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S. 784 (103rd): Dietary Supplement Health and Education Act of 1994

The Dietary Supplement Health and Education Act of 1994 ("DSHEA"), is a 1994 statute of United States Federal legislation which defines and regulates dietary supplements. Under the act, supplements are effectively regulated by the FDA for Good Manufacturing Practices under 21 CFR Part 111.

This summary is from Wikipedia.

Last updated Oct 11, 2018. Source: Wikipedia

The summary below was written by the Congressional Research Service, which is a nonpartisan division of the Library of Congress.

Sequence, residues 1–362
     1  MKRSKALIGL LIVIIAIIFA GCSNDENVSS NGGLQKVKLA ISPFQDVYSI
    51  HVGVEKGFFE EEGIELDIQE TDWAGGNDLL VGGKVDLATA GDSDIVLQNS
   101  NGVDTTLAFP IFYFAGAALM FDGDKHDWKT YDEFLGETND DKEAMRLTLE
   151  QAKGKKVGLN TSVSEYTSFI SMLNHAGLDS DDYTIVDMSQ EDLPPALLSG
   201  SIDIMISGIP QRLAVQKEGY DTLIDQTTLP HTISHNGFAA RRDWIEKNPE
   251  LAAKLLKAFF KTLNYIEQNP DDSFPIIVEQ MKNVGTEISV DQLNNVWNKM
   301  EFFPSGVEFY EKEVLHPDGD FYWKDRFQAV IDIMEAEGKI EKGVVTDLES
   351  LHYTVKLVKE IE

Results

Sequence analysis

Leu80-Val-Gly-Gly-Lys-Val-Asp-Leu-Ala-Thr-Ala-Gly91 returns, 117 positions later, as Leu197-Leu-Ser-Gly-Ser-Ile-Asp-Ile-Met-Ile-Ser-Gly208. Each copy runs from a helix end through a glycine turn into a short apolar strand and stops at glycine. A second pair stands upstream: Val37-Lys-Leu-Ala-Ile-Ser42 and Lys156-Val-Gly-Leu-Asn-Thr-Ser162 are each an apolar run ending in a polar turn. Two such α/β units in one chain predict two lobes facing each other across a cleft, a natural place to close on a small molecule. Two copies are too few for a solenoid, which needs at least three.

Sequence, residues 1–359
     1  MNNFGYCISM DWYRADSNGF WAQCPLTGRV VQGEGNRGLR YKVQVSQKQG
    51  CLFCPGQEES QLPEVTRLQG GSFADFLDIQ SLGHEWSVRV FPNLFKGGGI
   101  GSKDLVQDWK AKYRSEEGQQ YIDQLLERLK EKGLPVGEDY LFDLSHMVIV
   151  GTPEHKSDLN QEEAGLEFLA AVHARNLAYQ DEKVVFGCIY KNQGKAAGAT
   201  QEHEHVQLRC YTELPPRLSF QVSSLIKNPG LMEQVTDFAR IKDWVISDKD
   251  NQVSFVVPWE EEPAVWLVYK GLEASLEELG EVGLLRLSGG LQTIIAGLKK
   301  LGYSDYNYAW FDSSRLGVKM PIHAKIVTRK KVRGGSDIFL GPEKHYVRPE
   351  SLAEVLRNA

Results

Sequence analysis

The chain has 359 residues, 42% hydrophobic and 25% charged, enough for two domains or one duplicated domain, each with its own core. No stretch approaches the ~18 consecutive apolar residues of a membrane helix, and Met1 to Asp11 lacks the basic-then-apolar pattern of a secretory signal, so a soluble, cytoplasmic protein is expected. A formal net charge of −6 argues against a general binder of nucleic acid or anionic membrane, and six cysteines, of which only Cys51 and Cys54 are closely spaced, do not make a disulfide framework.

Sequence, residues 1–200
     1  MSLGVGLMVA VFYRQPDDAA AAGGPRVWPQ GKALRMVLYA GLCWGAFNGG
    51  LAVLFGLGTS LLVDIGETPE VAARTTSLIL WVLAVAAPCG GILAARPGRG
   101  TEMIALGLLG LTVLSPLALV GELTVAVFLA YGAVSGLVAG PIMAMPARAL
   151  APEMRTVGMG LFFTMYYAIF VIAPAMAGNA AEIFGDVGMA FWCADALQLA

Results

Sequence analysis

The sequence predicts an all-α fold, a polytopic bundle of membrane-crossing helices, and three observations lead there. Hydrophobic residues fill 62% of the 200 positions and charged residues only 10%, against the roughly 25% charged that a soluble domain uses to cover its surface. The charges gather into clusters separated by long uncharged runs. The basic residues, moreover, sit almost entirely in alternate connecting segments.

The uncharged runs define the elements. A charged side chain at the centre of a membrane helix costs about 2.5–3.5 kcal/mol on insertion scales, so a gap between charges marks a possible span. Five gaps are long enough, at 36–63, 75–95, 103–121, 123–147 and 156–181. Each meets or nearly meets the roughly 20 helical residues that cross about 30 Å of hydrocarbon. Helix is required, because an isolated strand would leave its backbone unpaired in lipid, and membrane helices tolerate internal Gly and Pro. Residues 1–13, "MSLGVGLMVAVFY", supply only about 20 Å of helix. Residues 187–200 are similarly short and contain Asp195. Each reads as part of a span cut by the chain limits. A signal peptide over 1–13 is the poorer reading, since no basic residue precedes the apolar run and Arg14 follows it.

10/7/1994--Passed House amended. Dietary Supplement Health and Education Act of 1994 - Amends the Federal Food, Drug, and Cosmetic Act to define a "dietary supplement" as a product: (1) other than tobacco, intended to supplement the diet that contains a vitamin, mineral, herb or botanical, dietary substance, or a concentrate, metabolite, constituent, extract, or combination of the above ingredients; (2) that is intended for ingestion, is not represented as food or as a sole item of a meal or diet, and is labeled as a dietary supplement; (3) that includes an article approved as a new drug, certified as an antibiotic, or licensed as a biologic and that was, prior to such approval, certification or licensure, marketed as a dietary supplement or food, unless the conditions of use and dosages are found to be unlawful; and (4) excludes such articles which were not so marketed prior to approval unless found to be lawful. Deems a dietary supplement to be a food. Excludes a dietary supplement from the definition of the term "food additive." (Sec. 4) Deems food to be adulterated if it is a dietary supplement or contains a dietary ingredient that: (1) presents a significant or unreasonable risk of injury; (2) is a new dietary ingredient for which there is inadequate information to provide assurance that such ingredient does not present such risk; (3) poses an imminent hazard to public health or safety; or (4) contains an ingredient that renders it adulterated. (Sec. 5) Provides that a publication shall not be defined as labeling when used in connection with the sale of dietary supplements when it: (1) is not false or misleading; (2) does not promote a particular manufacturer or brand of supplement; (3) is displayed so as to present a balanced view of the available scientic information; (4) is displayed physically separate from such supplements; and (5) does not have appended to it any information by sticker or other method. Places the burden of proof on the United States in establishing that such matter is false or misleading. (Sec. 6) Sets forth conditions under which nutritional claims may be made with respect to such supplements. (Sec. 7) Deems a dietary supplement misbranded unless its labeling meets specified guidelines. (Sec. 8) Deems a dietary supplement which contains a new dietary ingredient adulterated unless: (1) such supplement contains only ingredients which have been present in the food supply as articles used for food in a form in which the food has not been chemically altered; or (2) there is a history of use or other evidence of safety regarding such supplement. (Sec. 9) Authorizes the Secretary of Health and Human Services to prescribe good manufacturing practices for dietary supplements to be modeled after those for food. (Sec. 12) Creates the Commission on Dietary Supplement Labels. Authorizes appropriations. (Sec. 13) Establishes an Office of Dietary Supplements within the National Institutes of Health. Authorizes appropriations.